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Book Review: "Life" By Keith Richards with James Fox

Few autobiographies by guitarists have been—or will be—as important as this tome by the lead guitarist of one of the most significant rock bands ever.

Keith Richards with James Fox
Little, Brown and Company

Few autobiographies by guitarists have been—or will be—as important as this tome by the lead guitarist of one of the most significant rock bands ever. Keith Richards’ riffs, recording history, and cultural impact are undeniable, and they’ve all led to this much-anticipated tell-all that does not disappoint. Richards doesn’t dial back the harsher side of life or what it’s like to work with Mick Jagger for 50 years. The rock ’n’ roll pirate has a lot to share in terms of guitar playing and songwriting, too. After reading the 547-page book and listening to the 23-hour audiobook version, we have a pretty good idea what Keef ’s life is like and what makes him tick.

A quick note on the audiobook version (from Orion Publishing Group): Much of it was recorded by actor Johnny Depp, and it’s an appropriate choice, considering the mutual admiration between the two icons. Depp based his Pirates of the Caribbean character, Jack Sparrow, on Richards, and Keef eventually landed a role playing Sparrow’s father in the film series. Depp reading Richards is fantastic. He doesn’t imitate him as much as he just reads in a manner that is engaging and effective. Musician Joe Hurley also reads part of the book, and Richards lends his own voice a bit, too.

We forgive Richards for hyping Life with the claim that he “hasn’t forgotten any of it” and then writing himself into some corners that are a little foggy. For the most part, his attention to detail is impressive—maybe even unnecessarily unbridled, as lengthy tales of childhood experiences in Dartford, England, and drug-fueled rock-star escapades drag on and on. His complex relationship with Jagger is painstakingly unpacked and analyses are laced throughout. Quirky anecdotes, like his confrontation with a giant alligator snapping turtle while fishing illegally in Georgia, and delightful randomness—like his recipe for bangers and mash—contribute much to our understanding of this man we’ve all come to think of as a zombie-like creature who is alive but nearly brain-dead due to his rock ’n’ roll lifestyle. Though it’s self-inflicted, that reputation isn’t entirely justified, and Richards’ reflections on living with that reputation decades after cleaning up the worst of it are quite interesting.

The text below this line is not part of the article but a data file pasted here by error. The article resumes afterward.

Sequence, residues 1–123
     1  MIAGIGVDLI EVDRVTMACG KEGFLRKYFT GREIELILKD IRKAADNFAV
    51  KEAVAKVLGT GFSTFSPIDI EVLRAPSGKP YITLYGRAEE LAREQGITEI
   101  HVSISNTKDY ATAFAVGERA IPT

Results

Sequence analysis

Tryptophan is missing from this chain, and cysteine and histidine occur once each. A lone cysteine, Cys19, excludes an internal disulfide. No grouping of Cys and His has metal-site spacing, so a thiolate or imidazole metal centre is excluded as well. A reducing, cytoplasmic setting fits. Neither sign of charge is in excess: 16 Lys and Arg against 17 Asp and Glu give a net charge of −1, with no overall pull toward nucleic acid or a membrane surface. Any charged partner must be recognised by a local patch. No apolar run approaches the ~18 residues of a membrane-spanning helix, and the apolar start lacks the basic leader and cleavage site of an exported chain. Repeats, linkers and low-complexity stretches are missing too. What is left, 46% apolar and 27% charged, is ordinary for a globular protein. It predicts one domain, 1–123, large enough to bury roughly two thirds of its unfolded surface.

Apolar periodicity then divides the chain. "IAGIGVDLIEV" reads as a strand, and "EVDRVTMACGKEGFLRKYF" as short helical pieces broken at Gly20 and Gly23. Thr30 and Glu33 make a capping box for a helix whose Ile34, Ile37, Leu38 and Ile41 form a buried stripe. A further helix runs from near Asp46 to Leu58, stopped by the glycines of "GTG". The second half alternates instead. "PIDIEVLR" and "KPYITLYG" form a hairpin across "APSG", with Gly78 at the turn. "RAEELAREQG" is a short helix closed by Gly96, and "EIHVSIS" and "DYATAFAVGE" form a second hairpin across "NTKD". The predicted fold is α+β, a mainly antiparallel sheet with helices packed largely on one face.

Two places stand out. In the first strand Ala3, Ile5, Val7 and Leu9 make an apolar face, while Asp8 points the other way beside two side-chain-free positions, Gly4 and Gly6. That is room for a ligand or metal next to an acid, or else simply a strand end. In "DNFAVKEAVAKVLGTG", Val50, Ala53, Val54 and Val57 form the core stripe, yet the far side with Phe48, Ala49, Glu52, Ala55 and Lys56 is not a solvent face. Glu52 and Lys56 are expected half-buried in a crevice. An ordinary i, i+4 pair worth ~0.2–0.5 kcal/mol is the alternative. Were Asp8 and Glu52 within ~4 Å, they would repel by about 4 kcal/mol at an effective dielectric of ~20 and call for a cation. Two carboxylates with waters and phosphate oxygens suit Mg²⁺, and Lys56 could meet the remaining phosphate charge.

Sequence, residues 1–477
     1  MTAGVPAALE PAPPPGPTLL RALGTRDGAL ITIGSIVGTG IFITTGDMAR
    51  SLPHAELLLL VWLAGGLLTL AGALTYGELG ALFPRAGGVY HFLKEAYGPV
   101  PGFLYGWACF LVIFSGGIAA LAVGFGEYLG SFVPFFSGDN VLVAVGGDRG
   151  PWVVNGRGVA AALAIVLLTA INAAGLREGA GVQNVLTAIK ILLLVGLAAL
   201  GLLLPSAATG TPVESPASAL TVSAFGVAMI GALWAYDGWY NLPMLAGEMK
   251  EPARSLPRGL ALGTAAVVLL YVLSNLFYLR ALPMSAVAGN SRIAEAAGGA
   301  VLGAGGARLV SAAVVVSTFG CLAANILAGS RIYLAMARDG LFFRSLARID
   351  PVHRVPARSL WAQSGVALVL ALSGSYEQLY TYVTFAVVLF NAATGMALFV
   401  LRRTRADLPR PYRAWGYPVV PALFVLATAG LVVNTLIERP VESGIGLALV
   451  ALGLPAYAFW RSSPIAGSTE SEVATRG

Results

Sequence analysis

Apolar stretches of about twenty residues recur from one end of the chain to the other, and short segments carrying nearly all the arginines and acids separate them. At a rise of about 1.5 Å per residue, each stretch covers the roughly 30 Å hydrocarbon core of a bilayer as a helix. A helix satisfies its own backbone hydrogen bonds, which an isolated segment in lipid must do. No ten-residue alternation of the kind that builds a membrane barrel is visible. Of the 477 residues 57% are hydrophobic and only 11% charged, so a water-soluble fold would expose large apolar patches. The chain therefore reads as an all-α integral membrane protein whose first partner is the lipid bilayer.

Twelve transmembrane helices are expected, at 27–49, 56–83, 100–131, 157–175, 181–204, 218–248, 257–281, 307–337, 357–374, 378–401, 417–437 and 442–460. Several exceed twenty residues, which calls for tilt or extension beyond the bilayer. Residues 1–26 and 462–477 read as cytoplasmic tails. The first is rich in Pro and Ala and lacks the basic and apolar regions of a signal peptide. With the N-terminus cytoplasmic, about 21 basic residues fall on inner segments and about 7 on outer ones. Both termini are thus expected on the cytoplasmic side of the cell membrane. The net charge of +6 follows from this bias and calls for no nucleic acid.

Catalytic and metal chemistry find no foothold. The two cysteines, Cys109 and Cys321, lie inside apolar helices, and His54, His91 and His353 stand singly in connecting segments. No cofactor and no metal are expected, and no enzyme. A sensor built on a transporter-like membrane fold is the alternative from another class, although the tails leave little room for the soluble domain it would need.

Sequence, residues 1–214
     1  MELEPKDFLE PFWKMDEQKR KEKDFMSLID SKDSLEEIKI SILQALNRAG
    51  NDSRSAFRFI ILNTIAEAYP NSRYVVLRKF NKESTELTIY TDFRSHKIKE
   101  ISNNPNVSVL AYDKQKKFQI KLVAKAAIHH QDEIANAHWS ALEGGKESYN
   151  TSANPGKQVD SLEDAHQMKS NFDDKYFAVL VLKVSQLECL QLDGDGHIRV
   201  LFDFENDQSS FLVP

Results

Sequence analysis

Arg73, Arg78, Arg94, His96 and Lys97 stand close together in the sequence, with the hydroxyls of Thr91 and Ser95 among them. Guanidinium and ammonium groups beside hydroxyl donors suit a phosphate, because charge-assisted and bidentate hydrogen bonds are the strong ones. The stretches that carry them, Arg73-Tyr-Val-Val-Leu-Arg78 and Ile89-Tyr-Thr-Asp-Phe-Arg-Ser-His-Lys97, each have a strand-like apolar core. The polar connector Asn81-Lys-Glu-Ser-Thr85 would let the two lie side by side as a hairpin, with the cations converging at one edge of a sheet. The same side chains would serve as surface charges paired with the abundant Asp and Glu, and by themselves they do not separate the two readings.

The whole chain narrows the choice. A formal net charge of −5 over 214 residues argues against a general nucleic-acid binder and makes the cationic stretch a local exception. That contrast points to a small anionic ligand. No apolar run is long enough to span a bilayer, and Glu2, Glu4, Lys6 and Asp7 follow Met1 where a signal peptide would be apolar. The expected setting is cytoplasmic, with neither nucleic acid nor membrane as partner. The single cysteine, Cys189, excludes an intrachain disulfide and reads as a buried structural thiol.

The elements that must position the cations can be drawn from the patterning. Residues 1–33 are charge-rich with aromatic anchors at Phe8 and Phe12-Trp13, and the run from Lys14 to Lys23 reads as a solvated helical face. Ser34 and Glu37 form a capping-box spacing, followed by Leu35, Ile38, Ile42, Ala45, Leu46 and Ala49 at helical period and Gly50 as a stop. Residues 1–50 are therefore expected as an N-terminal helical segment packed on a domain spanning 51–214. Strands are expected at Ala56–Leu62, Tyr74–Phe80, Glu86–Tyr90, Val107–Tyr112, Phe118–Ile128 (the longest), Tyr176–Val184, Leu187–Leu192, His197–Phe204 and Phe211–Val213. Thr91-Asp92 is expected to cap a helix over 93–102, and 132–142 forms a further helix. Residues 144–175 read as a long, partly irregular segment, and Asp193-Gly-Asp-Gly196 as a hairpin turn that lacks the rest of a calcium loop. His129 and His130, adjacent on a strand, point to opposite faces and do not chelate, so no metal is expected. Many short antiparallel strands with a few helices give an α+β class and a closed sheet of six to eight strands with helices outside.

Thankfully, Life includes many guitar-specific nuggets that’ll have you reaching for your guitar and exploring Richards’ approaches as you read or listen. He explains his late-’60s discovery of open 5-string G tuning (G–D–G–B–D) that “transformed” his life as a player and allowed him to put his own sonic stamp on songs like “Honky Tonk Women,” “Brown Sugar,” “Tumblin’ Dice,” and “Start Me Up.” He explains how an overloaded Philips cassette recorder and an acoustic were his secret behind the tones on “Street Fighting Man,” “Jumpin’ Jack Flash,” and “Gimme Shelter.” He also explains the names of some of his favorite ’50s Teles, like “Dwight” (used on “Jumpin’ Jack Flash”) and the darker-sounding “Malcolm” (“Satisfaction”), both of which are named after the Fender employees who signed the inner parts of the guitar during quality-control inspection.

Whether you’re talking about guitars or life, it’s often your approach to the things you don’t understand that makes you who you are. Richards was bullied as a child and found solace in music. He found himself in a rut as a guitarist and got out of it by exploring the sonic possibilities of using only five strings. His difficulties and revelations in both music and living as Keith Richards are well documented in Life. There’s a lot to learn from his story, especially if you’re a guitarist.